Newcastle United – The Tragic Heroes of Football

Posted: August 15, 2010 by undergroundfisherman in Sport
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Of all the games in this opening weekend of Premiership action, the one that stands out the most is Monday night’s clash between newly-promoted Newcastle United and Manchester United. While most people would say Liverpool v Arsenal  is a bigger game (and it is), the Magpies 102 points in last year’s Coca-Cola Championship proves they are an interesting prospect for their new season in the top flight.

Roberto Di Matteo may find things tough at West Brom this season

We have seen some contrasting fortunes from the two other newly-promoted teams so far, Blackpool’s 4-0 demolition of Wigan shows what a tight, well-organised squad of players can achieve, while West Brom’s capitulation at the hands of Chelsea reminds us that the smaller teams must know their limits – ordinary footballers forced to play beautiful football will always fall short when faced with the reigning champions. Newcastle are an altogether different prospect, with Argentine internationals Jónas Gutierrez and Fabricio Colloccini in their ranks, the Black and White will not be in awe of their Old Trafford surroundings. Kevin Nolan was the best player in the Championship by some distance, while up front, they have a genuine successor to Alan Shearer’s boots in the young Andy  Carroll.

Carroll: Part of a new era on Tyneside

The history between the Toon and the Red Devils goes back to the mid 90’s, when Kevin Keegan’s side was 12 points clear at Christmas, only to collapse in the later stages of the 96/97 season, handing the title to United in the process.

These two videos sum up what is best about the mercurial north-east side, the first is Keegan’s infamous rant towards the end of that season, with their rivals closing in. The second shows what happened on October 21, 1996, a day which lives long in the memories of fans.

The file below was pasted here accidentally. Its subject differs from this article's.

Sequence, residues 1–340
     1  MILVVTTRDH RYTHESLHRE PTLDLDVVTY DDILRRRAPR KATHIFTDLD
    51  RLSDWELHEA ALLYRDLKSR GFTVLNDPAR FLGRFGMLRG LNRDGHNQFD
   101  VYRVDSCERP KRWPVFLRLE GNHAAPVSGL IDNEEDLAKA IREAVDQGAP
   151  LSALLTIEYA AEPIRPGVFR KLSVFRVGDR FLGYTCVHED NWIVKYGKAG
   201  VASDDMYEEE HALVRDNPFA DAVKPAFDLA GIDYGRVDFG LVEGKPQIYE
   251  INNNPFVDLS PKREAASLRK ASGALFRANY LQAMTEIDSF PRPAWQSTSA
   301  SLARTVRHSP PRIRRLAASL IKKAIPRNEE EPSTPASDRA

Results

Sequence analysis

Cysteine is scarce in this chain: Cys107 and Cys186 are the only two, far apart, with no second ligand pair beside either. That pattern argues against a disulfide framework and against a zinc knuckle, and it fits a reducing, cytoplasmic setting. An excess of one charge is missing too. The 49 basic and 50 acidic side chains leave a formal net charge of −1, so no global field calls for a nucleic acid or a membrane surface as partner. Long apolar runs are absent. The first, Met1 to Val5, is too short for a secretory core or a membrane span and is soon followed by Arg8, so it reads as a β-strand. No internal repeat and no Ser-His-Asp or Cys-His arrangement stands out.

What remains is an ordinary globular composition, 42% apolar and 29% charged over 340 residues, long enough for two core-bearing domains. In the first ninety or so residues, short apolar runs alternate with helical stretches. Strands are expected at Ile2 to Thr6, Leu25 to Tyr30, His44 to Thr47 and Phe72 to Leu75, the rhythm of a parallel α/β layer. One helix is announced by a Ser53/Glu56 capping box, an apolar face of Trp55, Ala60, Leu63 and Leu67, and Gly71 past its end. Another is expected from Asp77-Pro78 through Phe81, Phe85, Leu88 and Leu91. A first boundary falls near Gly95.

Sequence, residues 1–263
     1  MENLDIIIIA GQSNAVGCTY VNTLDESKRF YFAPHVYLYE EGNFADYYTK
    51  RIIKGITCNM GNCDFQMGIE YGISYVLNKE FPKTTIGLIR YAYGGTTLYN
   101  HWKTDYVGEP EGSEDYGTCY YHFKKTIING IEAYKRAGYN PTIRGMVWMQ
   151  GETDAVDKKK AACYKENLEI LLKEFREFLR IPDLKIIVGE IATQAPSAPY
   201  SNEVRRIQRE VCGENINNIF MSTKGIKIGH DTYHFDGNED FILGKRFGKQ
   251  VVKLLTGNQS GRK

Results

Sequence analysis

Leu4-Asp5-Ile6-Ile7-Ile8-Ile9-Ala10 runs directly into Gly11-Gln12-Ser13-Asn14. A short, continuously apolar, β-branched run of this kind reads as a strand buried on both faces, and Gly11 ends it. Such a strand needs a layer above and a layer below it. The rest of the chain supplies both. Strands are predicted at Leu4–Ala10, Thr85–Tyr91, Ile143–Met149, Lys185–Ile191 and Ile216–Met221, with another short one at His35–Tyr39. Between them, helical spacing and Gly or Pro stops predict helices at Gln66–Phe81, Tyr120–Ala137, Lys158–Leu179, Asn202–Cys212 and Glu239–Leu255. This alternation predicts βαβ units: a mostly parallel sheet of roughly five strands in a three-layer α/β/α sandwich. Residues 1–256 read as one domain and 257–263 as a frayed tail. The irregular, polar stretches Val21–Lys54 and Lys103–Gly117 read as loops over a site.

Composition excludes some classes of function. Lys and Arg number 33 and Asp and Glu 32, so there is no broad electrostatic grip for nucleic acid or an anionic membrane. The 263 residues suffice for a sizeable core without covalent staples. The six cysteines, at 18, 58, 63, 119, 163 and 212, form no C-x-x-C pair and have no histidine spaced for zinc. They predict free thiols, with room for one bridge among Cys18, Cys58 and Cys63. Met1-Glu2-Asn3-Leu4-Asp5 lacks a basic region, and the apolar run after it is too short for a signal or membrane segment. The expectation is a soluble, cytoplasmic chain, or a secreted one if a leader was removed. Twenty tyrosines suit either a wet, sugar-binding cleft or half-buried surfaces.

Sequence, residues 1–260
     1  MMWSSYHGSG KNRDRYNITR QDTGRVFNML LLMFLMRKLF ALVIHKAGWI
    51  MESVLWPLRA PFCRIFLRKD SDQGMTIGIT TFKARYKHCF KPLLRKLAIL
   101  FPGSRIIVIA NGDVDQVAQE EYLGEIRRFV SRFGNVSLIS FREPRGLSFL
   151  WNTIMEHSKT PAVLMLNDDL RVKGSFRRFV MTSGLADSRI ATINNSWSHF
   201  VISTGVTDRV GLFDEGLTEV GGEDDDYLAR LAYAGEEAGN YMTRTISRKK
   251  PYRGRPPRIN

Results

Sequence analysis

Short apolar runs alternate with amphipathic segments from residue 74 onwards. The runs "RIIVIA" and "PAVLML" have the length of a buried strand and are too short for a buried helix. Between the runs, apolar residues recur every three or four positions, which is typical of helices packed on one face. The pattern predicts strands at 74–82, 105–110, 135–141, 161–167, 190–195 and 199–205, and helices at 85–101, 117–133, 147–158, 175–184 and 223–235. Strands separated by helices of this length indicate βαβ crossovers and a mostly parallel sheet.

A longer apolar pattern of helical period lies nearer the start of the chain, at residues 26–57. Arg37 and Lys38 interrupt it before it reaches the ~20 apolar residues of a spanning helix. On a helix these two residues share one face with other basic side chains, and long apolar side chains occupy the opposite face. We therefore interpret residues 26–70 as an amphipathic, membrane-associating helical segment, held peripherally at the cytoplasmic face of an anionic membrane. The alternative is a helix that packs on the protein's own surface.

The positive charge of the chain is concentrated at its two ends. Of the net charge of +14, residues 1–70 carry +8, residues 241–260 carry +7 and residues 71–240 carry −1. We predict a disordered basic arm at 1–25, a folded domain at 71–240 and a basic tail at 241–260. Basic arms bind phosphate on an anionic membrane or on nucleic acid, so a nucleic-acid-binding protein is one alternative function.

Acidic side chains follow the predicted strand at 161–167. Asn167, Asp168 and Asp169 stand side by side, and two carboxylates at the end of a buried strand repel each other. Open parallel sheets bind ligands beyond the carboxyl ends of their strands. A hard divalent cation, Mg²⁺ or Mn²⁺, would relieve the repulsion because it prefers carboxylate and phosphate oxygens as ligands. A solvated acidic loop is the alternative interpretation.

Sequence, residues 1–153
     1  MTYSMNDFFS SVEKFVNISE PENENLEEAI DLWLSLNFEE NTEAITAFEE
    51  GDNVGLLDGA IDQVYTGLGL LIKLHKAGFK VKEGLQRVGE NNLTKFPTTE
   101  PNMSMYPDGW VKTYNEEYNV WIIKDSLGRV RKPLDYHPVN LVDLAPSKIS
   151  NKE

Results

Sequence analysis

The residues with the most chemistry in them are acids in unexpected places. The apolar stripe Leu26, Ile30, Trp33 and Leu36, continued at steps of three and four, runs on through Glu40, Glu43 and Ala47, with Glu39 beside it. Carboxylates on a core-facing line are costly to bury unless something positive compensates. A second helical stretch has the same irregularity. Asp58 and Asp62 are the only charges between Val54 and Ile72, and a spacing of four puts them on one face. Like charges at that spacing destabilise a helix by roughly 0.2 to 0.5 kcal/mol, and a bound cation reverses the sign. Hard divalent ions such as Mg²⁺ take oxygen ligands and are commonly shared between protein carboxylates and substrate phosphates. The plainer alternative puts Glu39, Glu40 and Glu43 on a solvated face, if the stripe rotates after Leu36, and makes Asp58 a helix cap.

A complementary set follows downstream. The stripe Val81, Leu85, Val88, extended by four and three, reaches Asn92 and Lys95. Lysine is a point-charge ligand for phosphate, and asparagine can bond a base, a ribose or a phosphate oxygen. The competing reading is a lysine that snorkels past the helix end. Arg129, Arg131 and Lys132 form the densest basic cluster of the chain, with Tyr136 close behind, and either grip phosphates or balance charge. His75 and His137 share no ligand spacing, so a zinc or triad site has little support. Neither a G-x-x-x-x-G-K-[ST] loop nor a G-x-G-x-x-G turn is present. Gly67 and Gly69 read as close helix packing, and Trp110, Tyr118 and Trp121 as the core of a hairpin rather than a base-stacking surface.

Once Keegan had left, his side slipped into gradual decline, with Kenny Dalglish and Ruud Gullit guiding the Magpies to mediocre mid-table finishes, and successive defeats in the ’98 and ’99 FA Cup. Things took a significant upturn when Bobby Robson was appointed manager in 2000, and they finished fourth the year after, and made the top five twice more during his tenure. Then, perhaps predictably, as the veteran Geordie made way for Graeme Souness, things fell apart once again. The Scotsman’s short stay left a bad taste in the mouths of fans, especially with the club hemorrhaging money through the permanently-crocked Michael Owen, who cost £17 million and made just 71 appearances in four years. Souness was followed by Glenn Roeder, Sam Allardyce, Joe Kinnear and Alan Shearer, which brings us right up to the present day, with Irishman Chris Hughton.

Hughton has won many admirers with his calm outlook in difficult times

Gone are the days of spending daft money on the likes of Owen, Hughton has moulded a team primarily out of good, up-and-coming English players. The signings of James Perch, and Dan Gosling should prove very good investments indeed, while the addition of Sol Campbell should give their traditionally shaky back-line some muscle. 35 year-old Campbell had come in for some criticism about his weight in recent weeks, but going by last season’s performances for Arsenal, he’s still got it.

Ashley: Unpopular

All of these pragmatic, sensible signings do make the typical Newcastle fan yearn for a bit of folly though; the likes of Faustino Asprilla, Carl Cort, Hugo Viana, and of course Michael Owen are all part of an era that will probably never return to St James’ Park. With the notoriously penny-pinching Mike Ashley in charge of finances, Hughton doesn’t have much to work with. Still, if they can finally complete the loan signing of Hatem Ben Arfa from Marseille, they will have pulled off the biggest transfer coup of the summer. He will join a long line of tempermental French wingers to serve the club. David “40 fags a day” Ginola and Laurent Robert have gone down in the club’s folklore, and Ben Arfa’s style of play really suits the English game.

So, how will they actually fare out this season? Well, they are nowhere near Sir Bobby’s great team of the early noughties. At the moment, their strengths lie in midfield; the typical line-up this year will be Gutierrez, Barton/Smith, Guthrie and Lovenkrands/Ben Arfa, with Kevin Nolan just behind a lone striker. Compared to a typical ’03/’04 midfield of Robert, Speed, Jenas and Solano, (plus Shearer and Bellamy up front), so there’s still a long way to go. I have often said, having followed them closely in the Championship last year, that they would have come around 12th in the Premiership with the form they were in. Now, with a few extra signings under their belt, and a new winning mentality forged during tough times last year, they should (in theory at least) do pretty well. Well worth putting a fiver on them staying up anyway.

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